has a bone to pick with Erica Kane. Reeves, whose new film, The Replacements
, opens today, is sick and tired of the movie industry shouldering all the responsibility for the decline of civilization, and says watchdog groups should aim its bull's-eye at another equally culpable genre: daytime television.
"I think soap operas are [just] as violent as action pictures," the 35-year-old actor tells TV Guide Online. "It can be ? in terms of corruption or distortion of existence."
When it comes to defending the "adult content" of his own work, the star of Speed and The Matrix says his conscience is clear. "I don't want to go out and do a porno, but I want to show life," he explains. "Maybe it's important to make a film that doesn't show morality so we can speak about morality. You have to show the dark side as well. [But] I'm a fairly moral person and my films tend to be."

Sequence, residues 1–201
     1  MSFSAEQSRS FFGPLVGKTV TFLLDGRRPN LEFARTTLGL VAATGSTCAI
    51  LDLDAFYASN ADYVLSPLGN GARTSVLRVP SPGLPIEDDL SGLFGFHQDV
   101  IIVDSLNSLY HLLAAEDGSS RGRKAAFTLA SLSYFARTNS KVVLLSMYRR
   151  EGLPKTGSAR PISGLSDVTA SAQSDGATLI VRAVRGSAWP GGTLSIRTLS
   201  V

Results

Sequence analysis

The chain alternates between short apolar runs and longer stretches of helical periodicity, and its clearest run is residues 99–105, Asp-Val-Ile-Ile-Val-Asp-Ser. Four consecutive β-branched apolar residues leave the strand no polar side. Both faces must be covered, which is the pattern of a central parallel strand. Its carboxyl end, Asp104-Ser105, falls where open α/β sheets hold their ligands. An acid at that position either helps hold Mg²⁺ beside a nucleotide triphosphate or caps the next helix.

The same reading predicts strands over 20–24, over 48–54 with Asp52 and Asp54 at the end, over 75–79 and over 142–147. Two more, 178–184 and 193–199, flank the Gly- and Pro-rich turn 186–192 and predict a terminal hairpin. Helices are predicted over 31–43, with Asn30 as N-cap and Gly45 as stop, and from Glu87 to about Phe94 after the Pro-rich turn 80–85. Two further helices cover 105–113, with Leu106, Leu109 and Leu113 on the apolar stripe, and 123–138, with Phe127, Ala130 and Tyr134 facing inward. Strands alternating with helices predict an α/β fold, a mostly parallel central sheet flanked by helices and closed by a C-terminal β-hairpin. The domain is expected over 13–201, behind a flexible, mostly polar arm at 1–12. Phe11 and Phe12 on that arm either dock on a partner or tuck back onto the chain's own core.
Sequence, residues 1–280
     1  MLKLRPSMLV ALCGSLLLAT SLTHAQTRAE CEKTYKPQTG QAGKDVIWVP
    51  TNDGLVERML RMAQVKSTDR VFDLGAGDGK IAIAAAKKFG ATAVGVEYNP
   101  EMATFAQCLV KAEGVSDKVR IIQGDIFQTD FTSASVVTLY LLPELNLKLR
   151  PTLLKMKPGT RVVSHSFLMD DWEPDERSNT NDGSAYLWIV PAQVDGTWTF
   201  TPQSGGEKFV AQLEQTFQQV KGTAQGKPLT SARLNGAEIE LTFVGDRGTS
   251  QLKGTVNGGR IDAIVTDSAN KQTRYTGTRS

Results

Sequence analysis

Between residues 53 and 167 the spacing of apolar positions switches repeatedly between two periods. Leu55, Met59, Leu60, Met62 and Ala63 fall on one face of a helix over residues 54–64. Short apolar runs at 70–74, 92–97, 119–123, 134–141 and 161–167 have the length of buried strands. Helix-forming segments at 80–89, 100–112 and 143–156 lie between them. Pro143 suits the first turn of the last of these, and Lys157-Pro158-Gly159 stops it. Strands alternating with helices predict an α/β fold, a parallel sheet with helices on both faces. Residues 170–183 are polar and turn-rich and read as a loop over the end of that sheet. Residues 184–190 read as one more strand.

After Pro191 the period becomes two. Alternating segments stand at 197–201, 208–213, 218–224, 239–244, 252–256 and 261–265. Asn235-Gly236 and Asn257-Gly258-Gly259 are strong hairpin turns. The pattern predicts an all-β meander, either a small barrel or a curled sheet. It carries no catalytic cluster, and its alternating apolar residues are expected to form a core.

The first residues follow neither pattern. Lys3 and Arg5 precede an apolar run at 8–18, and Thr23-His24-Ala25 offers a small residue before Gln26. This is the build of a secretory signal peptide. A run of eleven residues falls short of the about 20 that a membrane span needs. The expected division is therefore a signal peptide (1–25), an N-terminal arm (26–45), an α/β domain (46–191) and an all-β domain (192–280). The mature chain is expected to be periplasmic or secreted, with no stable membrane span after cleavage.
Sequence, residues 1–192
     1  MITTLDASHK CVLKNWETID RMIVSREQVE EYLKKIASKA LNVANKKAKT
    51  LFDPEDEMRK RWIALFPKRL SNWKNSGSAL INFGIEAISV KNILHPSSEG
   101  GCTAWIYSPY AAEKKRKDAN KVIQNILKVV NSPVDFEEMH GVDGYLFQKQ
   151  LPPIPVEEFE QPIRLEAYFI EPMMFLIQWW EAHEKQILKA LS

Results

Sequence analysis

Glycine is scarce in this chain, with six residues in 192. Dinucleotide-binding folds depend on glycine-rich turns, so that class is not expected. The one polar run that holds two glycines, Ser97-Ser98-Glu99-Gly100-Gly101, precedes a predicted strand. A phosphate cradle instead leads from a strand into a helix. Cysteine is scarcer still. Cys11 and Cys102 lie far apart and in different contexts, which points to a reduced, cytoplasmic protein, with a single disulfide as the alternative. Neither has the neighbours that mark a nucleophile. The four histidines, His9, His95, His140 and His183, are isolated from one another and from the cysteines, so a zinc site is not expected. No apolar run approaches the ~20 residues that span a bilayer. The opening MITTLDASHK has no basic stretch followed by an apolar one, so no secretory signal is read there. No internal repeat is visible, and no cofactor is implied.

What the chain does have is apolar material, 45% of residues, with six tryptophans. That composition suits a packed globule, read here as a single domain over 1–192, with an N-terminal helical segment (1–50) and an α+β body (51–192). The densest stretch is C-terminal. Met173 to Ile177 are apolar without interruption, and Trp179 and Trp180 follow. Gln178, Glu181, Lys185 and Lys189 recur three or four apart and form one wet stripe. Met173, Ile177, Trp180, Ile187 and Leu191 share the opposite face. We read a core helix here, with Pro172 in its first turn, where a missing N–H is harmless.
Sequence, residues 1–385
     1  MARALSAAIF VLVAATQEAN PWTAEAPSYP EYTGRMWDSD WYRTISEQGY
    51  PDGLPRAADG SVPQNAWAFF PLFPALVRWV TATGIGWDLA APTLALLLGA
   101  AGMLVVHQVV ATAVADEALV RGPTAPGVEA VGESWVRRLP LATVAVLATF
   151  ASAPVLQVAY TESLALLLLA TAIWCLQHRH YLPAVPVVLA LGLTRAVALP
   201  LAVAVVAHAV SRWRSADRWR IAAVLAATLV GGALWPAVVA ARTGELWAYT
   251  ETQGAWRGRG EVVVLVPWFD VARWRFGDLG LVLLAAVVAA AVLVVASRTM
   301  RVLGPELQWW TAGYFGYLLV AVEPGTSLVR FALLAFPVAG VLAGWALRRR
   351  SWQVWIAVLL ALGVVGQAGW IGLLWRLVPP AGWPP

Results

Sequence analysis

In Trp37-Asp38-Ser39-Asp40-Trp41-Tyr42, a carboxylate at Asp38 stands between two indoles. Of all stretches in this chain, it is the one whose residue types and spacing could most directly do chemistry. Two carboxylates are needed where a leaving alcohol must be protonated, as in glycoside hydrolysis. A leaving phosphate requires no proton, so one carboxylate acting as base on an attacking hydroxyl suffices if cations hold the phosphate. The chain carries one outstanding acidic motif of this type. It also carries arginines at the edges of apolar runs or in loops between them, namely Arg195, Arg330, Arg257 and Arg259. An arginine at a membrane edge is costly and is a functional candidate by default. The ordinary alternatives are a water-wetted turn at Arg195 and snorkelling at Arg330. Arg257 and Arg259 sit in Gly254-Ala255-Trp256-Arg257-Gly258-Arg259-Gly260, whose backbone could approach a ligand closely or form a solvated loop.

Reeves will get a chance to show off his lighter side in the feel-good comedy The Replacements, in which he plays an unlikely football hero. That's quite a change from The Gift, the film he recently did with Oscar winner Hilary Swank. "I play a wife beater and that was a good opportunity for me to not be the leading man," he says of the thriller, which opens later this year. "It was a really rewarding artistic experience."
Other projects in the pipeline for Reeves: Sweet November with Charlize Theron, Hard Ball with Diane Lane, and next spring he begins work on two Matrix sequels, which will be filmed back-to-back.
All this begs the question: When's nap time? "After The Matrix, I didn't work for seven or eight months," he says. "It's hard to maintain friendships. You can talk about what you've done, but it's nice to have shared experiences. I've kind of missed out on that."